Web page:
Nor did the lady. If it had not been more than his job was worth, Rune would have laughed aloud. The lady in question was clearly genteel enough for the title, but likely not old enough. She was more than a head shorter than the prince, with a face that would have suited a porcelain doll, and fluffy pink dress to match. The young princess was taller than this girl.

The prince gave no visible reaction. He gazed stoically at the scene before him and said some vaguely pleasant thing in the local language. A nothing phrase that Rune had quite frankly tired of already.

“May I present Miss Duvall.” The queen gestured to the sprout of a girl and went on in florid terms. Once the most pertinent details had been stated, Rune recited a poem in his head. A local born girl with foreign parents. No money or status. No life experience.

The prince bowed his way through the introduction, then led the little lady onto the dance floor. The difference in height made conversation impossible. The prince did not stoop.

A few feminine giggles arose as the dance went on. Rune stood solemnly, listening. A plump, middle-aged woman said, “How darling. His Highness has time enough for all of us, not just marriageable females.”

Another comment rose up to his altitude, this time from a man who had just put down a glass of wine. “Here I thought we’d just be standing around watching girls fawn over the prince. Let’s go, dear.” Then he pulled his companion up to join the dance.

Rune had been in the employ of the Royal Family since before the prince had been born. Perhaps he should have picked up a few more tricks. The queen had not chosen the diminutive lady at random, or to punish the prince. She had managed the situation.

Without quite meaning to, Rune cast a glance around the edges of the party. As ever, Ms Park hovered about, like a very elegant shadow. Perhaps the queen hadn’t been the one managing the situation after all.


There’s a Party – 06

Someone had already fainted. Finn was close enough to see the colour and a blurry interpretation of her dress. But it was too far away to be included in the circle of unhelpful onlookers. A man called out in an accent of authority. “Move aside! I am a doctor.”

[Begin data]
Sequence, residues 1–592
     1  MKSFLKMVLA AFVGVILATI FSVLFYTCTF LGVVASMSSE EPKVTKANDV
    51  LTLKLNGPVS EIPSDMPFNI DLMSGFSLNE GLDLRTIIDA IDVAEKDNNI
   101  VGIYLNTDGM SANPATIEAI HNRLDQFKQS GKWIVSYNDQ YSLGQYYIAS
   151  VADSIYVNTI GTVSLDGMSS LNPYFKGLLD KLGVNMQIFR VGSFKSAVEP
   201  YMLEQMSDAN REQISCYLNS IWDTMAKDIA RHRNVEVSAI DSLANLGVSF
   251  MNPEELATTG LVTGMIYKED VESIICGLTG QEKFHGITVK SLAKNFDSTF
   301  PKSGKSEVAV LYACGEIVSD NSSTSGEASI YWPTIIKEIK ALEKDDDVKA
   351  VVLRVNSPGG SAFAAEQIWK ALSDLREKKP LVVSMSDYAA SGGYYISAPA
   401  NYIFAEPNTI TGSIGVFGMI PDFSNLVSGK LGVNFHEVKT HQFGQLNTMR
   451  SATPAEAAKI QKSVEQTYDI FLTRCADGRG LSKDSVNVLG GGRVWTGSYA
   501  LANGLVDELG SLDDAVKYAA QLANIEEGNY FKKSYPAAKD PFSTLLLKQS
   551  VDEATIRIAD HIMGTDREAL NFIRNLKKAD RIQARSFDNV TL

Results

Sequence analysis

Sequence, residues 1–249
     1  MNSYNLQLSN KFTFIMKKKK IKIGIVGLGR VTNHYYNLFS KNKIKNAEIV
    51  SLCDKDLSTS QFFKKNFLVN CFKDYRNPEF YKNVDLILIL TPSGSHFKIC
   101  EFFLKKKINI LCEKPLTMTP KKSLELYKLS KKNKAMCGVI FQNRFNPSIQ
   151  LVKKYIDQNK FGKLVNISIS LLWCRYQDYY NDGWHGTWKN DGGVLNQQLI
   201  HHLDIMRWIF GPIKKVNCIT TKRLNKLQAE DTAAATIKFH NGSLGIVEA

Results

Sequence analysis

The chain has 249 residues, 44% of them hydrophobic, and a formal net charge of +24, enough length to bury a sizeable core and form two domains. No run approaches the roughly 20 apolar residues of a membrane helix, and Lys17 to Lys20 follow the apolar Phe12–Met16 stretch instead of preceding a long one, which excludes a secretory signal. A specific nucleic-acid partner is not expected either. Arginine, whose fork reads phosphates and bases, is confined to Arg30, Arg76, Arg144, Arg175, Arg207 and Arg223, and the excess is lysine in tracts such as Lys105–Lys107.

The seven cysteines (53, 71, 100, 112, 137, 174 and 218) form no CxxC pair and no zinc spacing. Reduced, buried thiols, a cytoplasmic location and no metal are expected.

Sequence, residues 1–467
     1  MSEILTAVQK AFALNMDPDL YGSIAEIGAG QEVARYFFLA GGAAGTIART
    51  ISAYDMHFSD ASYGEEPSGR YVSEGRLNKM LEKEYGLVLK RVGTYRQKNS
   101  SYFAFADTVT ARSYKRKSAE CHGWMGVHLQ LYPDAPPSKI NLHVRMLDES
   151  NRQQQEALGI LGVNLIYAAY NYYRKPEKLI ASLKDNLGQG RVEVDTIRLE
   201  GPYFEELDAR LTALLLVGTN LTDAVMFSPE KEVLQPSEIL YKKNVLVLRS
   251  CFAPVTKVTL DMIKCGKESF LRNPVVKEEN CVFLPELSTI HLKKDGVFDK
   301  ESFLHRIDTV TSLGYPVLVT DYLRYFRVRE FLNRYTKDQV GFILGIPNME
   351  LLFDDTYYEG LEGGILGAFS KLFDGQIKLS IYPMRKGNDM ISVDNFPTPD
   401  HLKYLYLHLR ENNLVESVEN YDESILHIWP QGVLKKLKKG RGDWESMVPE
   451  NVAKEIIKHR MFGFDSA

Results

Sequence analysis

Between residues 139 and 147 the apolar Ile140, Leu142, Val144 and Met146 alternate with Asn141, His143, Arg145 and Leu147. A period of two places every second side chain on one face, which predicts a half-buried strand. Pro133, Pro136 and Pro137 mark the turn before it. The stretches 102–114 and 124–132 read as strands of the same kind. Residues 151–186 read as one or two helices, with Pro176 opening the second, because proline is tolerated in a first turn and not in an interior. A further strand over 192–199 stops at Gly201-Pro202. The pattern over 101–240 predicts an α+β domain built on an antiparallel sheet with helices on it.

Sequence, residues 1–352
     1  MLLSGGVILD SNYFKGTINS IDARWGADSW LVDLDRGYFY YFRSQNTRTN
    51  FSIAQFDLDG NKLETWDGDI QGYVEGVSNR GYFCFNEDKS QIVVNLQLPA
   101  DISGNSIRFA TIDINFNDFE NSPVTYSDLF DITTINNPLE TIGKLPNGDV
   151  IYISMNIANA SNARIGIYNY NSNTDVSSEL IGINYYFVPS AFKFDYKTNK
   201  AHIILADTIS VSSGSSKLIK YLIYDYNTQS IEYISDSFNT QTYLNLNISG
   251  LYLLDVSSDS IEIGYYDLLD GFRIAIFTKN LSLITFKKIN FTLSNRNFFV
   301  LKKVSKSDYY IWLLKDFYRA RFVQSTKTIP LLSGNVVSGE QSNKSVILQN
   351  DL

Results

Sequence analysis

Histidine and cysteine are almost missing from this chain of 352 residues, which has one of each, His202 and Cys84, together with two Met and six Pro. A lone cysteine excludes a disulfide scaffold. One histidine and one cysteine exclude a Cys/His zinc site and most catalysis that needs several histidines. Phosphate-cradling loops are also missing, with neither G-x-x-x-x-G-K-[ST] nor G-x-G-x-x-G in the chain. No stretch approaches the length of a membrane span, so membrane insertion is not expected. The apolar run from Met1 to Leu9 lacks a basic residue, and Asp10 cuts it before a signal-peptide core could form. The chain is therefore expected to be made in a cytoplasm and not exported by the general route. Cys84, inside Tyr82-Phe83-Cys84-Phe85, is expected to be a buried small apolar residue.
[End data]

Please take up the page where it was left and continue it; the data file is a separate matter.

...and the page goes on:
Moses must have been a doctor too, because the crowd parted like the Red Sea.

Finn was not a doctor. But he and the doctor did have work in common. They were both doing it. Just different sorts.

Someone hurried over to join him. A young man, maybe two year Finn’s junior, if not more. Tow-headed and a little skinny, wearing a big hat and scarf.

Most of the room was devoted to dancing or staring at the doctor and his patient. Finn looked about the immediate area, in search of the local attraction.

“Are you hiding from somebody?” he asked, after coming up empty.

The huddled figure took a step to the left. In accordance with, Finn realised, Finn’s own movement. “My parents, mostly.”

“Good luck with that. I had to expatriate to get away from mine.”

Still huddling a bit, his new acquaintance snorted. “I wish I could do that.”

“You wouldn’t if you knew the whole story.” Finn shuddered, hoping the gesture would be taken for exaggeration.

He’d expected some automatic pity or contradiction. But the young man just laughed nervously.

Then he dodged about so dramatically to the left that the only place to stand was between Finn and a long table.

Finn stared at him. “The last person who came that close to me wanted my wallet.”

“Sorry it’s just–let’s dance!”

He was being dragged onto the dance floor before he could even process what had happened. Fortunately, dancing came naturally to Finn. Even waltzes.

They got a few looks from older couples. It was enough to make Finn comment. “They really need to update the language of dance.”

“What do you mean?”

“You’re dancing the lady’s bit. You aren’t a lady.”

“Should I be flattered that you noticed?”

“Certainly. But my point is, they should call it something else.”